While I am quite aware that I write for an anime organization, I think many people would agree that the number of fans who fell in love with the American cartoon, Avatar the Last Airbender, and fans who have always loved anime do overlap. I am one of those people, and I was given the incredible opportunity to receive a copy of Legacy of the Fire Nation to review.
Legacy of the Fire Nation is a scrapbook created by Uncle Iroh of his thoughts, his life, and his journey. The scrapbook becomes one of the last gifts he presented to Zuko before the beloved firebending master and loving uncle moved on to the spirit world.
I’m biased in this situation because Zuko had been my favorite character since Book 1: Water. Despite being a primary antagonist, from the first few minutes we see of him simply pushing Sokka aside without doing a single bit of actual harm to the sarcastic genius, I already knew Zuko was a complex character that would turn to the side of good. As a result, I knew I was going to enjoy this book right after reading the summary because of my attachment to the characters involved.
The book, however, absolutely surpassed my expectations. From the get-go, the cover blinded me with its gorgeousness of the precious art of Zuko and Iroh firebending. But what really sold me on the quality of this book were the content and the formatting of the book inside.
Iroh, I realized, is a character we love and trust but not someone we know too much about. We know of the failed conquering of Ba Sing Se, the devastating loss of his son, and that he would soon take Ozai’s place as Zuko’s father figure. However, we never hear any of the details of his life before the big turn of events at Ba Sing Se. This scrapbook explores these exact elements: his story before his invasion of the Earth Kingdom, his relationship with Ozai as children, and his ambitions and dreams before his life took an abrupt turn with his son’s tragic death. It is very touching, and even better, it shows Iroh’s own character development that had happened in the past – making him a fleshed-out character past the usual “old, wise mentor” trope that he can sometimes fall into.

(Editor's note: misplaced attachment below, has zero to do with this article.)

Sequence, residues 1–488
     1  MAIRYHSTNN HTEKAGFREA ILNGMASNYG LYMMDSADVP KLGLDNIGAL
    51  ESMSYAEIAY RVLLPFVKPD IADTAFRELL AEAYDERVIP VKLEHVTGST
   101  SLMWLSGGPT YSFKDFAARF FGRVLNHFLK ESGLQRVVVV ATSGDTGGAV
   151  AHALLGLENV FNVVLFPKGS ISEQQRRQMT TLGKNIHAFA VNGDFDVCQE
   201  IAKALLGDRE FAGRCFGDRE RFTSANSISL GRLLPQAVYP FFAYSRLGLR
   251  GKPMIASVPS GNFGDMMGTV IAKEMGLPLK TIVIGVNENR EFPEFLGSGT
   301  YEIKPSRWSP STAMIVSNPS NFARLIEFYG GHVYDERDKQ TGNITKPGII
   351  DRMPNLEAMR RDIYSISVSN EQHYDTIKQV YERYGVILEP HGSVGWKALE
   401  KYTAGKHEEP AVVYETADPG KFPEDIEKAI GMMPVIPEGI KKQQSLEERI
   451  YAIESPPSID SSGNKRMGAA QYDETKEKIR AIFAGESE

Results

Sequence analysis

We also are privy to many of his thoughts and opinions of the other members of Team Avatar, something that I never realized we heard in the show. Because he always seemed to support them from behind, reading about his own doubts and noticing the flaws within each character as well as their strengths brought more dimensions to Iroh than the world of Avatar had ever done before.
However, the best part of the book is the intimate and loving letters Zuko and Iroh share with each other. From Zuko’s letter as a child, to a mature adult, and finally an older man who had retreated to the warmth of Ember Island, we see how their bond had changed and grown yet stayed the same at the core. They loved each other, trusted each other, and supported each other. Zuko helped Iroh over his heartbreak on the loss of his son, and Iroh, as we already know, guided Zuko to the path he was always meant to traverse.
The book is really built like a scrapbook. The letters I mentioned are pasted in there within old envelopes, and we are privy to some other pieces of paper containing important information – my favorite being the Jade Dragon’s menu of all of Iroh’s delicious tea.
I went through the book quite quickly, but the first thing I did after reading the entire thing was to turn to the first page and start over. This is more than just a book that panders to the fandom’s heart. It’s a book that fully reaches the heart and provides insight into a character we all grew to love in the epic adventure of Avatar the Last Airbender.